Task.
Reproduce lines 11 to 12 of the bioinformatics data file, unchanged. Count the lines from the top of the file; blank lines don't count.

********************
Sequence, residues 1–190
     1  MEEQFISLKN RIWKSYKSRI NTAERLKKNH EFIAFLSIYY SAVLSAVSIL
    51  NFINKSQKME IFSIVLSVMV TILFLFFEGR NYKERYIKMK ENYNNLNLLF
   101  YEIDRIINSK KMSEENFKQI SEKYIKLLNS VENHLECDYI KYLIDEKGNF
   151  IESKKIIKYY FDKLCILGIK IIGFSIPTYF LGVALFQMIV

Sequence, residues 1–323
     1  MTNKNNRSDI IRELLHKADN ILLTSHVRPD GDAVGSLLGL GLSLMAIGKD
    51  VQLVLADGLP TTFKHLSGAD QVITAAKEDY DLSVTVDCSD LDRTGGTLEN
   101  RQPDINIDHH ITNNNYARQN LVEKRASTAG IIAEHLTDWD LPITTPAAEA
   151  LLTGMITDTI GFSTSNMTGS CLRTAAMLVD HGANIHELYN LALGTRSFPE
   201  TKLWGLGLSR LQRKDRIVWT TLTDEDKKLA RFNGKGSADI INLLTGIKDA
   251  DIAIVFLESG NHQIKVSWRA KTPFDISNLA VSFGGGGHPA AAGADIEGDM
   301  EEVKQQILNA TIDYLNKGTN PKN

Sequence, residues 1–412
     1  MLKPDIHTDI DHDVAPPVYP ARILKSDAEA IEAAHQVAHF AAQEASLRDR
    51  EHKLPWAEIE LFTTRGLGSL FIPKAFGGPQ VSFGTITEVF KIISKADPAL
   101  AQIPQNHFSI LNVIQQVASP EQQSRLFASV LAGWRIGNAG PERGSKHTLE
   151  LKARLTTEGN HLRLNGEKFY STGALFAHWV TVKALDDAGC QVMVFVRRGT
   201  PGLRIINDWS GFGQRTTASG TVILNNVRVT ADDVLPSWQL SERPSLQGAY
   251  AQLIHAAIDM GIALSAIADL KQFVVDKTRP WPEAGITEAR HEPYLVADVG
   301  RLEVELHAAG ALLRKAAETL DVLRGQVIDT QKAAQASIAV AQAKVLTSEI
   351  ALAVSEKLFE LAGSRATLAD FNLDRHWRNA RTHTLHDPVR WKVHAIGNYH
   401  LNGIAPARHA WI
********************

   201  TKLWGLGLSR LQRKDRIVWT TLTDEDKKLA RFNGKGSADI INLLTGIKDA
   251  DIAIVFLESG NHQIKVSWRA KTPFDISNLA VSFGGGGHPA AAGADIEGDM